Seasonal allergy, which is also commonly called “hayfever”, is mainly caused by pollen released from trees, grasses and weeds. Those who suffer year-round allergy symptoms probably also have allergies to insects, pets, and mold spores.
When pollen and other allergens contact the outer surface of the eye (conjunctiva) and the lining of the nose, there is a cellular release of inflammatory chemicals including histamines, which then causes the typical seasonal allergy symptoms of allergic conjunctivitis and rhinitis, including: itchy, tearful and red eyes, stuffy and running nose, sneezing, itchy/scratchy roof of the mouth and throat, post-nasal drip (mucous running down the back of throat) and coughing. These symptoms can often interrupt one’s sleep, which then causes day-time tiredness.
While allergy testing can be performed to identify specific allergenic types of flora, the treatment of seasonal allergy is generally the same, regardless of what one is found to be allergic to.
Spring can make for some beautiful pictures but can also cause many problems for certain cyclists
Unfortunately, short of staying completely indoors with air conditioning, it is difficult to avoid being exposed to airborne allergens. However, one can try to minimize the exposure to allergens by: taking a shower to rinse off pollen from one’s hair and skin, wearing a mask to filter out pollens from the inspired air, and, when exercising outdoors, exercise at times of the day when air-borne pollen concentrations are the lowest.
Treatment of allergic conjunctivitis and rhinitis symptoms consists of rinses, sprays, drops and oral medications.
Nasal rinsing/irrigation: Using salt water (saline) spray bottles can help to rinse off pollen from the nasal passages, sinuses, and upper throat
Nose sprays: Corticosteroid medications, in general, act to reduce inflammation. With respect to seasonal allergies, intra-nasal corticosteroid sprays (beclomethasone, flunisolide, budesonide, mometasone, fluticasone, and ciclesonide) reduce inflammation and mucous secretion of nasal passage lining. It can take days to weeks for the sprays to take full effect and should be use on a daily basis for maximal effectiveness. For those with more mild symptoms, intra-nasal antihistamine and decongestant sprays could be tried before using a corticosteroid nose spray.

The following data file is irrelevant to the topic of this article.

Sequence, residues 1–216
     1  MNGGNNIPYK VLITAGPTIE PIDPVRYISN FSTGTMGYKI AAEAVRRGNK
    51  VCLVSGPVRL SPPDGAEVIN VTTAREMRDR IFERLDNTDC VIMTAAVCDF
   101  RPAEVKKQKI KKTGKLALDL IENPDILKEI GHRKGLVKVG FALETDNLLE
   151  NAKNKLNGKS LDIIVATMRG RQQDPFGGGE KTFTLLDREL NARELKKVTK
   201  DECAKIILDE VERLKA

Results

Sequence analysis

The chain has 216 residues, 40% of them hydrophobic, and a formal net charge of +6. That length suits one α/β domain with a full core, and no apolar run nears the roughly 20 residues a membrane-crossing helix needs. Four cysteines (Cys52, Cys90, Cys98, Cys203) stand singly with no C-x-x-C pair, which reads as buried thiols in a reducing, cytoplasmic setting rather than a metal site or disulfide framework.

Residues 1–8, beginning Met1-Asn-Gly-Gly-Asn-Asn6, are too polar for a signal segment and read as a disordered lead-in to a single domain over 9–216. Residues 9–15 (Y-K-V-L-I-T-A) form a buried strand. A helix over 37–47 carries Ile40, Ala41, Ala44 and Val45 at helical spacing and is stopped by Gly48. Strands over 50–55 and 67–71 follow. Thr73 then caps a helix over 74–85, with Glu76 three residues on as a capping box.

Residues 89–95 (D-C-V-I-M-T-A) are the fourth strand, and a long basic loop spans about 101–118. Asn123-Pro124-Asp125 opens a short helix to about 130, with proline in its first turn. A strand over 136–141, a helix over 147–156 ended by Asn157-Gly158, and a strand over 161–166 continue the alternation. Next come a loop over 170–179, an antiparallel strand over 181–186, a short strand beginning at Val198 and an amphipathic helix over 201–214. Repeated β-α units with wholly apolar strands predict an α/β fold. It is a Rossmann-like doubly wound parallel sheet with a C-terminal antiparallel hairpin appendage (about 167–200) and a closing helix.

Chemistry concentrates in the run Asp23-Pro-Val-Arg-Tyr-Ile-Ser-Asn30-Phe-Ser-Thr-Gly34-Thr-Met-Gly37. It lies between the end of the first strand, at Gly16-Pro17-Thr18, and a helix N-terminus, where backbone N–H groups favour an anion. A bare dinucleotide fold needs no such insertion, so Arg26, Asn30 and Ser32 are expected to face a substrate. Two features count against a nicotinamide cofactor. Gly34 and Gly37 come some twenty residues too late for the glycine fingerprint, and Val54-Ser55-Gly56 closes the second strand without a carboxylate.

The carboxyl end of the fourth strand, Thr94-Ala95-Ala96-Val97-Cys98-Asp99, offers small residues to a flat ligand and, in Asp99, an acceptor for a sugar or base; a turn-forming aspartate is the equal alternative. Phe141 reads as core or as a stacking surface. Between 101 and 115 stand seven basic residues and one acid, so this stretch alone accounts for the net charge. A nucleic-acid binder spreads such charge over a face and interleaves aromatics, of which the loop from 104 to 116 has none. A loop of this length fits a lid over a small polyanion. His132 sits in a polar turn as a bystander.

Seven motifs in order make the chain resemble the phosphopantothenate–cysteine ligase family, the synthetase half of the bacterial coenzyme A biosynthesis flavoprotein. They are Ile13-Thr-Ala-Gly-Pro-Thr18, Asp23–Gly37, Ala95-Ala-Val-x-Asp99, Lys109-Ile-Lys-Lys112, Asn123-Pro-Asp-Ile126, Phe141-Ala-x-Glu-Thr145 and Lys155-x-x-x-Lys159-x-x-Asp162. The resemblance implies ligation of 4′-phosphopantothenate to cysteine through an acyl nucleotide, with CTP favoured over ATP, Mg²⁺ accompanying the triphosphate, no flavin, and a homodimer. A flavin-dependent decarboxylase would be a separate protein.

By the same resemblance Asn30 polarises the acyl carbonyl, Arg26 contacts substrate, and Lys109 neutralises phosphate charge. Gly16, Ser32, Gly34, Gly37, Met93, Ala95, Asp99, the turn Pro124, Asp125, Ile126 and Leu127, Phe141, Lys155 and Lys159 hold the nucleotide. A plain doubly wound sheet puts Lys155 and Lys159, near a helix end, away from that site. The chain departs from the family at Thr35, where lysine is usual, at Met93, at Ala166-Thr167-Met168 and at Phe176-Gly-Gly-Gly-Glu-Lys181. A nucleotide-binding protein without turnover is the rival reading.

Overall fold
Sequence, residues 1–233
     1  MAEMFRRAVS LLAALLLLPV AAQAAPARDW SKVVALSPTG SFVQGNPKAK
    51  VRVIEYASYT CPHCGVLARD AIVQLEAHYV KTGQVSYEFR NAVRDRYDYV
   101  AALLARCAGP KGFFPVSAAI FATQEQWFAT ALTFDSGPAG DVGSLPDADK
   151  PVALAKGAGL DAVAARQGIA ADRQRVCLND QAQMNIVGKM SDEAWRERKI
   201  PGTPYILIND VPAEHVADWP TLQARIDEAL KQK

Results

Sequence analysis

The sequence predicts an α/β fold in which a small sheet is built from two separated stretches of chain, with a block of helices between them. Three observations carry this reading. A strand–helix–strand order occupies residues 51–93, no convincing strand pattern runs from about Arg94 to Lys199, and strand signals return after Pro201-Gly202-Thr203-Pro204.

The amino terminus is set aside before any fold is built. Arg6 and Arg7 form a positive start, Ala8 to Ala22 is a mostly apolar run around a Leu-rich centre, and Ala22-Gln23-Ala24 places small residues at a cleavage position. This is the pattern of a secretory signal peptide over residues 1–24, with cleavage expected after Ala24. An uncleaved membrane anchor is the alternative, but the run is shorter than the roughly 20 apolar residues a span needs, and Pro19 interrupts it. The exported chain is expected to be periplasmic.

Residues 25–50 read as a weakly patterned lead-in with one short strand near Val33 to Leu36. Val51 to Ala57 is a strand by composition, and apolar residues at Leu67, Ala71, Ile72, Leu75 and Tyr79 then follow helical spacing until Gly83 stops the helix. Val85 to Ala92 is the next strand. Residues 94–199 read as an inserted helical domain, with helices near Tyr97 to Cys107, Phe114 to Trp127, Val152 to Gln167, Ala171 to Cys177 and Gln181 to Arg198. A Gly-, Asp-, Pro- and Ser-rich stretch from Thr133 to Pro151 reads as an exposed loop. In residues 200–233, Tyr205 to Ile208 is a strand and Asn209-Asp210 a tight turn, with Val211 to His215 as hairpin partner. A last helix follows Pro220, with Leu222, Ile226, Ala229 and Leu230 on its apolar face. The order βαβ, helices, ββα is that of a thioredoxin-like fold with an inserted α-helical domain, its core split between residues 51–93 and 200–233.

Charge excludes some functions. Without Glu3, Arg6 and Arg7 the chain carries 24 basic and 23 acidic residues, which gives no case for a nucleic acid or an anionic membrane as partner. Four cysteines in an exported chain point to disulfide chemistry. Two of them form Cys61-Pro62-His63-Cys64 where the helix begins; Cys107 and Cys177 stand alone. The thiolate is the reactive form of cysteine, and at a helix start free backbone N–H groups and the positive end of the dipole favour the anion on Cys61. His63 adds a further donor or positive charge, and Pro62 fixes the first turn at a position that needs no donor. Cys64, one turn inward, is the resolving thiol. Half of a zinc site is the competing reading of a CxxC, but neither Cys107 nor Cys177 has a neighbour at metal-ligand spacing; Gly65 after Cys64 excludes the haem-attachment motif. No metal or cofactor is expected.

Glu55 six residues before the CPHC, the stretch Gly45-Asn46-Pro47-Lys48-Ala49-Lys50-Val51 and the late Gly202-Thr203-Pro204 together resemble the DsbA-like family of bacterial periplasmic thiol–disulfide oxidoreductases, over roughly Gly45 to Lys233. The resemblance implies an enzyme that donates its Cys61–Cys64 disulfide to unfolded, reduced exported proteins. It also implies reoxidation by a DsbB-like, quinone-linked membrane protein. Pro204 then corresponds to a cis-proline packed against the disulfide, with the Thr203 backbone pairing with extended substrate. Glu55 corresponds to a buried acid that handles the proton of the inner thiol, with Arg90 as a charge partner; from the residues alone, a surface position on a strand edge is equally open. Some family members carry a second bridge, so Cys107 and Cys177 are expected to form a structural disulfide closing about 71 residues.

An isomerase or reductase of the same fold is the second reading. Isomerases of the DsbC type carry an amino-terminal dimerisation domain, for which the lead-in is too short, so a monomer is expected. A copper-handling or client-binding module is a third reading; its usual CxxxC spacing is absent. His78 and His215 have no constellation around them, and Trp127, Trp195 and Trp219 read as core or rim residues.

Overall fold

Eye drops: Vasoconstrictor, antihistamine and mast-cell stabilizer eye drops (olopatadine, ketotifen, and cromolyn sodium, etc.) can be used to control eye symptoms. The frequency of using the eye drops each day varies and some eye-drops can be purchased without a prescription.
While using sprays and drops are preferred since they are usually faster acting and less likely to cause systemic effects, if ones symptoms are not well controlled with topical medications, then oral medications can be used.
Anti-histamines: Non-sedating long acting oral antihistamine medications (desloratadine, loratidine, fexofenadine, and cetirizine) are the mainstay of seasonal allergy treatment. Theses medications have minimal side effects and are taken once or twice daily.
Decongestant medications: Decongestant medications (pseudoephedrine and phenylephrine) reduce mucous secretion of the nasal passages. These medications are taken every 4 to 6 hours.
If one’s symptoms are difficult to control despite the combination of topical and oral medications, then immunotherapy in the form of subcutaneous injections or sublingual/oral medications could be considered. The use of these treatments usually requires allergy testing and is usually overseen by allergy/immunology specialist physicians.
If the symptoms of those who have year-round allergies become worse during seasonal allergy season, then the dosage and/or frequency of ones medication(s) may need to be increased (if possible) or adding a new type of medication may need to be considered.
Up to 50% of asthma suffers will also have seasonal allergies. The medical treatment of one’s asthma should be reviewed if one’s asthma symptoms worsen at the same time as when seasonal allergies become aggravated. Adding or increasing the use of inhaled corticosteroids may need to be considered.
The medications discussed in this article are generally not on the 2014 World Anti-Doping Agency’s (WADA) Prohibited List. The main exceptions are decongestant medications, which are forms of oral stimulants: pseudoephedrine is prohibited in-competition when its urine concentration is greater than 150 micrograms/mL and ephedrine and methylephedrine are prohibited in-competition when their urine concentration is greater than 10 micrograms/mL. Phenylephrine is in WADA’s Monitoring Program and is not considered prohibited. Corticosteroids are only prohibited when administered in oral, intravenous, intramuscular or rectal forms. If you are competing at level requiring anti-doping testing, have all your medications (prescribed and over-the-counter) reviewed by a sport medicine physician or your national and/or international sport federation.
Medications can also be reviewed on-line: http://www.globaldro.com.
Dr. Victor Lun, MSc., MD, CCFP, Dip. Sport Med (CASEM) is a Sport Medicine doctor who practices at the University of Calgary Sport Medicine Centre and is the team physician for a number of Canadian national sport teams.
Medical Advice Disclaimer
The information included in this article is for educational purposes only. It is not intended nor implied to be a substitute for professional medical advice. The reader should always consult their healthcare provider to determine the appropriateness of the information for their own situation or if they have any questions regarding a medical condition or treatment plan. Reading the information in this article does not create a physician-patient relationship.